Case presentation
In February 1996 a 22 year-old girl presented to neurology for right hemichorea of three days duration: a prolonged activated partial thromboplastin time (aPTT) was confirmed later as a lupus anticoagulant (LA). Her baseline and follow-up investigations are shown in Table 1. She had elevated IgG anticardiolipin antibody (aCL), strong LA, positive antinuclear antibody (ANA) (1:320), normal liver and kidney function tests, but no signs or symptoms of any autoimmune systemic disorder. Her free protein S was low (52%), much lower than the average of our other PAPS patients with acquired free protein S deficiency (84 ± 5.2%) [4]; we could not rule out hereditary free protein S deficiency as she had been adopted and did not know her parents. Amongst others she was also homozygous mutated for the paraoxonase (PON) G192A transition with a PON activity of 126 U/L compared to an average of 292 ± 86 U/L from 20 normal subjects.
A cerebral MRI revealed pin like lesions in the white matter of the basal ganglia bilaterally. Her hemichorea settled spontaneously but represented 12 months later only to disappear after 1 week of treatment with oral prednisone. A repeat cerebral MRI was unchanged compared to the previous one. She was started aspirin 100 mg daily. Two years later she married the son of her adoptive parents, but did she not conceive for almost 6 years during which concerns about fertility were raised. Her karyotype, infertility and hormonal tests, infection screen, assessment of tubal damage and of uterine abnormalities were normal. Her partner also had a normal karyotype but a degree of sperm hypomotility. As she moved to a different town, she was seen only once from February 2004: on that occasion and as part of the annual review of PAPS patients she underwent a doppler ultrasound of the carotid arteries and an echocardiogram: the former was normal but the latter showed a bicuspid aortic valve. From August 1997 to May 2000 she underwent three 7 day courses of ovulation hyper-stimulation with Gn-RH agonist combined with a Gn-RH antagonist, all covered by aspirin 100 mg that were uneventful but not followed by conception.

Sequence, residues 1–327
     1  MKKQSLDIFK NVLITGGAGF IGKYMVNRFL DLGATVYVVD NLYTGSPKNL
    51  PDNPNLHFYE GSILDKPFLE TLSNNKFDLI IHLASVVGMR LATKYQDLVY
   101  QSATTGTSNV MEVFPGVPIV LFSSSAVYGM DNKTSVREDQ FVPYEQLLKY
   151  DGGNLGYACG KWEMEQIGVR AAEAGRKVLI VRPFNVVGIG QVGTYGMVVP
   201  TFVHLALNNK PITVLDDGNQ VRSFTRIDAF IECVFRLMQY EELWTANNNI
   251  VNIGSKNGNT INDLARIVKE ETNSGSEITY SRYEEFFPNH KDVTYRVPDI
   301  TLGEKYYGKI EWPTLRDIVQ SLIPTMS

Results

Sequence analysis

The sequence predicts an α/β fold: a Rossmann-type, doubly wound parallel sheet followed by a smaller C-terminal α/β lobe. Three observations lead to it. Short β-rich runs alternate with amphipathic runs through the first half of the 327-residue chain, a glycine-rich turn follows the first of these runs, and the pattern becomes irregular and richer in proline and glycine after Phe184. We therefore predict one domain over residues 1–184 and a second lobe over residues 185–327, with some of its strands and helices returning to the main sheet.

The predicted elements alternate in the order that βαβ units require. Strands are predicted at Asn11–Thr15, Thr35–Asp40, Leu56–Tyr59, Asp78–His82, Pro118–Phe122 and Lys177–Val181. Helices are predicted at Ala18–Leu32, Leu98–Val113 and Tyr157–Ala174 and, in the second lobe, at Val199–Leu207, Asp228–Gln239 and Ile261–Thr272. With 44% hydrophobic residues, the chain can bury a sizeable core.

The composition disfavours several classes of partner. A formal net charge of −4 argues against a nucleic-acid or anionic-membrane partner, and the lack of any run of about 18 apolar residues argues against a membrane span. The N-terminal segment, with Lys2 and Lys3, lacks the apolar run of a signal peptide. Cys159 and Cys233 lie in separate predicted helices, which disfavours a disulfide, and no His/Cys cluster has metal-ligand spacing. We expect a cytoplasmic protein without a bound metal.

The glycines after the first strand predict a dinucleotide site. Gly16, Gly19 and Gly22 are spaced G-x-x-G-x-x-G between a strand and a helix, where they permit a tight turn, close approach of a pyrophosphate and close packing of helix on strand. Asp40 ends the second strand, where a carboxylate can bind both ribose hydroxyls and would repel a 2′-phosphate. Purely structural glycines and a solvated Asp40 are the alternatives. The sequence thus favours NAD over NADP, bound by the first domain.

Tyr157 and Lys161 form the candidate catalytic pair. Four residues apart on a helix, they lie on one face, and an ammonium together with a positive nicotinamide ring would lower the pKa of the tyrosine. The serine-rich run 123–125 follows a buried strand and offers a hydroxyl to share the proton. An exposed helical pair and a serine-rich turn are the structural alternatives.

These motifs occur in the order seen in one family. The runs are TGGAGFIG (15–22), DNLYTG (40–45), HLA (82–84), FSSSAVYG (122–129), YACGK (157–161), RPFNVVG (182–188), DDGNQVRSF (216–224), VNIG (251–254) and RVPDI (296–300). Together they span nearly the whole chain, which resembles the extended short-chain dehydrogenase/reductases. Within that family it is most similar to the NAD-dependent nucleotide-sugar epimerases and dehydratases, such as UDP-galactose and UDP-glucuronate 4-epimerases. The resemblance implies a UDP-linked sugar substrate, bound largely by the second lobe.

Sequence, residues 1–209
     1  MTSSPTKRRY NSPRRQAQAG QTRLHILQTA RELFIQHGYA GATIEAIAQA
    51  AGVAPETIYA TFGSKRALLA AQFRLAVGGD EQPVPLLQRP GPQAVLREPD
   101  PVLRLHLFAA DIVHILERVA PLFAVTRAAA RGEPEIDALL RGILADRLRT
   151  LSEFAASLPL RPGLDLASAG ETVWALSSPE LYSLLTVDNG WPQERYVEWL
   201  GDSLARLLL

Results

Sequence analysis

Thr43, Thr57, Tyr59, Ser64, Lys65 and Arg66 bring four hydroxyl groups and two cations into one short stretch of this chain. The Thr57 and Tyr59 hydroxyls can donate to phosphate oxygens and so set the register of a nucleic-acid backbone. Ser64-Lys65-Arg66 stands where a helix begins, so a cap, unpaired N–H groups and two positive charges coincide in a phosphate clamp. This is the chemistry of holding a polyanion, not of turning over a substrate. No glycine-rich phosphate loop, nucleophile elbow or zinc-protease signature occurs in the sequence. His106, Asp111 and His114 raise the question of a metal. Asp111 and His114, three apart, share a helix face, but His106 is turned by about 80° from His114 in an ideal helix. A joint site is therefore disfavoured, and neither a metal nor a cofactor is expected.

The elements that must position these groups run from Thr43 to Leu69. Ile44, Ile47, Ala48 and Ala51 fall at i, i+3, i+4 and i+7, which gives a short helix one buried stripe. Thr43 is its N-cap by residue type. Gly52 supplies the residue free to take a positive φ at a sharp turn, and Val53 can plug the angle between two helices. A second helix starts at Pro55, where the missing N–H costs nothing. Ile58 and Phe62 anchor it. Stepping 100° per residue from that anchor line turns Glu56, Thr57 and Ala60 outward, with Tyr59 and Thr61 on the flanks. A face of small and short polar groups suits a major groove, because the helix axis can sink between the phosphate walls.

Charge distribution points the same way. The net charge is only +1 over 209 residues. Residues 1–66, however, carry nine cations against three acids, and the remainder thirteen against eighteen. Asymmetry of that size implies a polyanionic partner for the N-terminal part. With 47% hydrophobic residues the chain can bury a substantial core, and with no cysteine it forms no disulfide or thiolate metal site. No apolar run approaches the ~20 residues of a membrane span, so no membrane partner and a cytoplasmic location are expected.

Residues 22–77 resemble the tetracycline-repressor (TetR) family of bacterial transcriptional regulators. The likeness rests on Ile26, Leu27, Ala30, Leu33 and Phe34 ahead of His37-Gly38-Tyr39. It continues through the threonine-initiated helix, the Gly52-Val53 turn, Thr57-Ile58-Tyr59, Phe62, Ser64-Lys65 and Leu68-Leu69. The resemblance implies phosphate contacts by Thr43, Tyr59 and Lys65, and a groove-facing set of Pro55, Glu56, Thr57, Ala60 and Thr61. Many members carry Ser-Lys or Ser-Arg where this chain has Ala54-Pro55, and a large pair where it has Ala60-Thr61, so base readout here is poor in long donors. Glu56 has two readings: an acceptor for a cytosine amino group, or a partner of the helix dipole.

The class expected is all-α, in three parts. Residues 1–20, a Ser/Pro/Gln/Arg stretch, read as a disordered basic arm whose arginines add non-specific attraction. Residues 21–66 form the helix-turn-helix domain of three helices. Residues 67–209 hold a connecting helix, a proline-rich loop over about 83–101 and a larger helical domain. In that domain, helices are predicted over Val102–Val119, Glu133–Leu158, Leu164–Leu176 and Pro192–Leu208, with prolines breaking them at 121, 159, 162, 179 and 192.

Two weeks after the fourth OH in 2005, she was admitted as an emergency for marked tachypnea, chest pain, jaundice, rash, ankle oedema, and joint pains. Investigations revealed Hb 7.6 g/dl, increased indirect bilirubin and LDH, positive direct antiglobulin test and undetectable haptoglobins in keeping with autoimmune haemolytic anaemia, platelets were 73x109/L, albumin was decreased at 22 g/l, creatinine was raised at 255 mmol/L; there was proteinuria (2.8 g/24 hours) with slight haematuria. ANA and anti-ds-DNA were positive while C3 and C4 were low.
An abdominal and pelvic CT scan revealed bilateral pleural effusions and a left renal infarction, whereas a CT pulmonary angiogram revealed bilateral emboli; a transthoracic echocardiogram revealed severe aortic regurgitation that required an urgent replacement. She received high dose steroids, 6 pulses of cyclophoshamide 500 mg every three days followed by maintenance azathioprine, low molecular weight heparin in treatment dose (enoxaparin 120 mg s/c daily for 7 days) embricated with warfarin at a target INR range 2.0-3.0. After these events the patient moved out of the region but underwent an occasional review in April 2008: at that time she was still on warfarin and on azathioprine, her haemolytic anaemia had settled and the proteinuria ranged between 0.8-1.2 g/24 hours.
Discussion